That's right. It may come as a shock, so I will repeat it for emphasis. Leaders, because they are so often smart, have particular difficulty listening to other people.

Why are smart people in general, and smart leaders in particular, poor listeners?

Well, by definition, intelligent people absorb information fast. Researchers have found that intelligent people think at the rate of 500 to 700 words per minute. Even fast talkers speak at only 175 to 200 words per minute.

That's a lot of time—at least 36 of every 60 seconds—for smart people to be mentally doing other things while someone else leisurely finishes her own sentence.

What are you doing for those 36-plus seconds of every minute? Lots of things.

You're thinking about the agenda for tomorrow's meeting. You're sorting through candidates for the staff vacancy. You're remembering to get arugula at the fresh market. You're debating which movie to see tonight. You're wondering why this person is taking forever to make a simple point.

Most of all, you're deciding what to say in response. You're thinking, thinking, thinking. Smart people love to think. You do, don't you?

Bright people also tend to make judgments—lots of them, in rapid fire. So as another person is talking, you are making judgments about her intelligence, her knowledge, her diction, and maybe a few other things we won't go into here.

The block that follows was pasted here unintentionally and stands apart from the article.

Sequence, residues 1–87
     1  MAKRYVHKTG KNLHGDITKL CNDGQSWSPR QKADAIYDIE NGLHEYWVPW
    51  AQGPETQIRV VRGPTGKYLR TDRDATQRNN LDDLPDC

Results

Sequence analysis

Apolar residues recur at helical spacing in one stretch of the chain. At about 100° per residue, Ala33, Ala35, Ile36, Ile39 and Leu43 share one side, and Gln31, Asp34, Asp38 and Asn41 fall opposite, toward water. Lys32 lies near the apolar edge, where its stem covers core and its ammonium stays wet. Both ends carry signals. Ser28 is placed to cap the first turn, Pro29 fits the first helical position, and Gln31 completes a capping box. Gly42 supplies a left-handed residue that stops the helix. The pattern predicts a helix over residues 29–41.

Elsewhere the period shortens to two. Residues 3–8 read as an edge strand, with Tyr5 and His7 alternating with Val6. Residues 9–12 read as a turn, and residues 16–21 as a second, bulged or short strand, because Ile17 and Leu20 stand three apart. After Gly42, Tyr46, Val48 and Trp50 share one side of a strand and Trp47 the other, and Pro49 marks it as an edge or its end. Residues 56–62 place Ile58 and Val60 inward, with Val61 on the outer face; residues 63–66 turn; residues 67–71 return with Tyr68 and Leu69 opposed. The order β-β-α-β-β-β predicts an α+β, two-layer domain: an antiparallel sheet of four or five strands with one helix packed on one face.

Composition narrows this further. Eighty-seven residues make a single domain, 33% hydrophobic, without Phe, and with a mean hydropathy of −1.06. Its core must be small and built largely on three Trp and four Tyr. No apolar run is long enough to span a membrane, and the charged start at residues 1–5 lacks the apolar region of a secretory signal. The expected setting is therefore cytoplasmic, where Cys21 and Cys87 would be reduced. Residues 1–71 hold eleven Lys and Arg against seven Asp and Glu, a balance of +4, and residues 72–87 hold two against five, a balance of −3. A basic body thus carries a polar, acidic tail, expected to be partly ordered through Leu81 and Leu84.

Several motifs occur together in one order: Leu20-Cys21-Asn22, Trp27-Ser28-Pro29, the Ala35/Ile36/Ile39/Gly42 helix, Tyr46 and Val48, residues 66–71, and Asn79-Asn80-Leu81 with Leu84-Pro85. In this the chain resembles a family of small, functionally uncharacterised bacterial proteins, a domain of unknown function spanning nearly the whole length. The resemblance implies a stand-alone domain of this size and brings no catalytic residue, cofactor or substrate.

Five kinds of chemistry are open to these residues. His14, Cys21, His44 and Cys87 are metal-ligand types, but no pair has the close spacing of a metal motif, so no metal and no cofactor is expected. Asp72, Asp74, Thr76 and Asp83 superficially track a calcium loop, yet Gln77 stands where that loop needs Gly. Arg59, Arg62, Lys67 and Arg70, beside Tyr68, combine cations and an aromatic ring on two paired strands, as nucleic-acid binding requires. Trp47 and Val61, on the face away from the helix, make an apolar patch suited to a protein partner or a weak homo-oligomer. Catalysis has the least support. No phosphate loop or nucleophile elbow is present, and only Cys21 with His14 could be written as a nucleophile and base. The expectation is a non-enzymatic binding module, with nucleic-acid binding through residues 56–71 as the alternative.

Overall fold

Finally, smart people are typically busy people. You probably have a lot of issues and decisions you need to address. It is tempting to think about these things whenever you have a few seconds.

Given the ubiquity of smart phones, you are also likely to be sending a text message or scrolling down your email or checking the progress of Frosty the Snowstorm on weather.com. You may even think you can multitask successfully. Hey, we're all a little delusional.

The big problem with all this is that people do notice it. At this very moment some of them are silently complaining to themselves that you don't listen. They may even be complaining aloud to one another. From that, they easily conclude that you don't care about their ideas.

Now if you're as smart as you think you are, you'll identify listening skills as an opportunity for self-improvement, and you will do something about it. There are lots of resources out there: books, tapes, videos, coaching. Our Master Class is one of many; we describe four levels of good listening, and we set forth an eight-step process for what we term affirmative listening.

The important thing is to do something. Otherwise people will get the sense that you think you already know everything, and you and I already know that isn't the case. We do, don't we?